• Private Funds

    Demand for ESG options in the world of private funds is growing steadily. And, like their publicly traded and available cousins, private funds (private equity, hedge funds) cannot escape the possibility that customers and investors will allege ESG-related misrepresentations.

    At the outset, a firm looking to raise capital for a sustainable investment fund runs the risk of misrepresenting its activities in the initial private placement memorandum and other offering documents. Misrepresentations may also occur during the process of acquiring or investing in portfolio companies. As with public funds, the ESG quality of a fund’s investments will be subject to increased scrutiny and potential liability. For example, were it revealed that a private fund purporting to invest solely in venture companies run by women or minorities breached its mandate, investors might file suit for breach of contract or breach of fiduciary duty. In much the same way, the continued operation of portfolio companies using an ESG strategy is another source for potential disputes. Finally, upon exiting from a portfolio company via a public offering or other mechanism, representations made concerning the sustainability of a company’s operations or governance could give rise to claims by regulators, investors and, if a public offering, the general public via securities laws.

    • Advisory Fees

    Section 36 (b) of the 1940 Investment Company Act4 vests fund advisers with a fiduciary duty with respect to fees received for their services. As ESG fund offerings and advisory relationships continue to grow and evolve, we may see a new wave of ESG-based advisory fee lawsuits in the years to come.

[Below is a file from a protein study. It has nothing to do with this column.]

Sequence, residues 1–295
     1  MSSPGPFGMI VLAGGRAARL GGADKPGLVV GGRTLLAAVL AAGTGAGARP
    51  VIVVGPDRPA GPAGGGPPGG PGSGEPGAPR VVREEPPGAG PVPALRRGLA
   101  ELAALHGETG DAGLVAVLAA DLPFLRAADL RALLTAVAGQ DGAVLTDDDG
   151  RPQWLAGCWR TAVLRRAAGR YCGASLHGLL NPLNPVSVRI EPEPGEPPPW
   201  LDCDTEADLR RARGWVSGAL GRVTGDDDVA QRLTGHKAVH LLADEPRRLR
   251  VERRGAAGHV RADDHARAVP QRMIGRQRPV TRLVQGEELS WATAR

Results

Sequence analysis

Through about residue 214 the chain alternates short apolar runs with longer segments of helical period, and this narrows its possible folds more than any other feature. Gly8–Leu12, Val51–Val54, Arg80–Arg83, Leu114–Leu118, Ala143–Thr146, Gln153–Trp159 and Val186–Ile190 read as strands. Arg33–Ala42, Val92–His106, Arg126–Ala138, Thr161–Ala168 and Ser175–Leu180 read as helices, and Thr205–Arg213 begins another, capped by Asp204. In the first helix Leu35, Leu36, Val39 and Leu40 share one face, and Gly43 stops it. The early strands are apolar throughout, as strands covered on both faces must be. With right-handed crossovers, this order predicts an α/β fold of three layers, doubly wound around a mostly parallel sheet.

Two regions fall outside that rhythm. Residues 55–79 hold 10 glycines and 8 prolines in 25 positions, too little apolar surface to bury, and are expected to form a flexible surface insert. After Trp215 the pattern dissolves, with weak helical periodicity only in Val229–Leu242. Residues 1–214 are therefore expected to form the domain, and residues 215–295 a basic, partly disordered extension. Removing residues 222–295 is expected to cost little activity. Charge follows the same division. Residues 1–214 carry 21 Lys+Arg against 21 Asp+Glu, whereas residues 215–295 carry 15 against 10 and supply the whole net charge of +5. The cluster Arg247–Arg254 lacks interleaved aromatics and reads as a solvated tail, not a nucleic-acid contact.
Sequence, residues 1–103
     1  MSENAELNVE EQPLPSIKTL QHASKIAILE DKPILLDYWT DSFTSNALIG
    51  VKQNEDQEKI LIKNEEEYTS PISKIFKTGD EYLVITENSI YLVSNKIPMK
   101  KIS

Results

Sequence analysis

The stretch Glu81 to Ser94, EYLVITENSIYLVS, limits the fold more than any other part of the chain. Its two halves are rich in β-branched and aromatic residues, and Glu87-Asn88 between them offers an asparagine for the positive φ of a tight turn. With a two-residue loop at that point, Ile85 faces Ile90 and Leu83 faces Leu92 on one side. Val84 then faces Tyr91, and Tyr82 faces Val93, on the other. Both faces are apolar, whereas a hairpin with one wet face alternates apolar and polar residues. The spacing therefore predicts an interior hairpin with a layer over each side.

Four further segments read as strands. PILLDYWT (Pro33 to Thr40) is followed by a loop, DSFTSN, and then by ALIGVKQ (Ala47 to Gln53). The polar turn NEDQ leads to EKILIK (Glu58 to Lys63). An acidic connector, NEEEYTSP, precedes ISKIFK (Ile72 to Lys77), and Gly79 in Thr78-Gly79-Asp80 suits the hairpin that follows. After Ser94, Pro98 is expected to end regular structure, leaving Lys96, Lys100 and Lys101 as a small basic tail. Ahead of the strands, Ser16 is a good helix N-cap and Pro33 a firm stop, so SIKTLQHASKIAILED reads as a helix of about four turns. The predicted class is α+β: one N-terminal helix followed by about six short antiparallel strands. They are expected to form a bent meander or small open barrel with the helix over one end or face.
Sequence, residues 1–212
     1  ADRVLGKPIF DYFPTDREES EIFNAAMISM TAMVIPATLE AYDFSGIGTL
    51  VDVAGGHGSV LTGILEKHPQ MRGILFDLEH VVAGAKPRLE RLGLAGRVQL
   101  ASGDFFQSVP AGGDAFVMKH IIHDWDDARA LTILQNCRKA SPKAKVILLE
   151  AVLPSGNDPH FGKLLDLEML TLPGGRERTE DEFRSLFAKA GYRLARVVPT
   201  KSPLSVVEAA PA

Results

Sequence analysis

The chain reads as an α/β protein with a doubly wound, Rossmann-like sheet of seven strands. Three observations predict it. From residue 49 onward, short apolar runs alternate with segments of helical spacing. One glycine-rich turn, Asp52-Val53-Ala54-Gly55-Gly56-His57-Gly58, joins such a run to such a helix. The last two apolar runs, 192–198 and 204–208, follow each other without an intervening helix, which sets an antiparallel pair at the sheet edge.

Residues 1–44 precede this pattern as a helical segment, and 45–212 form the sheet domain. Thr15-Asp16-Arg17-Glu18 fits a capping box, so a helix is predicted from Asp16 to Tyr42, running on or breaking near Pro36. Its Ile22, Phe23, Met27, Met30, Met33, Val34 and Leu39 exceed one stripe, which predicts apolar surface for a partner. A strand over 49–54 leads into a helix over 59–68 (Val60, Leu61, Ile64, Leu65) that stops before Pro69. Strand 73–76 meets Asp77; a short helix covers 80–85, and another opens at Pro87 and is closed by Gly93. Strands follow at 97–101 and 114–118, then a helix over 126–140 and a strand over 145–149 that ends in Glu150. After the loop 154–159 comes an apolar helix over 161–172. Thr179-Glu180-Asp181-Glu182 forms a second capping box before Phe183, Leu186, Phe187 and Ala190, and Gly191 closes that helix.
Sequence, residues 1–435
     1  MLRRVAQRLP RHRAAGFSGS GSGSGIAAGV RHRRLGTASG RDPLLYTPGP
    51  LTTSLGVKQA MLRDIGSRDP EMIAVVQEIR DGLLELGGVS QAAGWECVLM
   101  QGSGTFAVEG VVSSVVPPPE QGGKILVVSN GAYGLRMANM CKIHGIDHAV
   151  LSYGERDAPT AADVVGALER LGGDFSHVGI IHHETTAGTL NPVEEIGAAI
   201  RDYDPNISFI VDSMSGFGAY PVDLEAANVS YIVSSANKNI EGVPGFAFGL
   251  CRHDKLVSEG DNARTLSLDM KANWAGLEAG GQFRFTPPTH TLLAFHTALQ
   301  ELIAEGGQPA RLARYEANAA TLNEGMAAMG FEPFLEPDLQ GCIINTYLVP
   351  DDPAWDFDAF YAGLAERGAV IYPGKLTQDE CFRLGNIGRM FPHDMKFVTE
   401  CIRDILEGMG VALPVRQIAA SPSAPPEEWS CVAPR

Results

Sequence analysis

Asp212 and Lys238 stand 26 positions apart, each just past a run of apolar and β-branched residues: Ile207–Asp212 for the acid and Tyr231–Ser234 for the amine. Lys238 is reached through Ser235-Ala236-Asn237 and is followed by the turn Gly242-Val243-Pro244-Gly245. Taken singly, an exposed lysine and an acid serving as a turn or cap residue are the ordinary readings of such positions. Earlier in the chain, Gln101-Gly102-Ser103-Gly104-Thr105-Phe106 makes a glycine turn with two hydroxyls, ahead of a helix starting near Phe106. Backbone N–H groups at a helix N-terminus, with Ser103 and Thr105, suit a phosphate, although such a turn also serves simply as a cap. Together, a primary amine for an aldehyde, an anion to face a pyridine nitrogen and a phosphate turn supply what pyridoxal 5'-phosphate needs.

For instance, the continued growth of and reliance upon ESG-specific sub-adviser arrangements may lead to fee litigation. To keep up with investor demand and capitalize on the opportunity, asset managers have been pouring resources into their sustainable investing operations. Given the speed of change some firms choose to make use of sub-advisers to provide services and advisory services which a firm is simply not-yet capable of providing. Alternatively, a firm with substantial in-house ESG capabilities may find new sources of revenue acting as a sub-adviser for less experienced firms. Either way, the fees paid to or through advisers for work performed in connection with ESG funds may be called into question by investors. In such instances, investors may call into question why an adviser received a larger percentage of a fee than the sub-adviser with ESG-experience.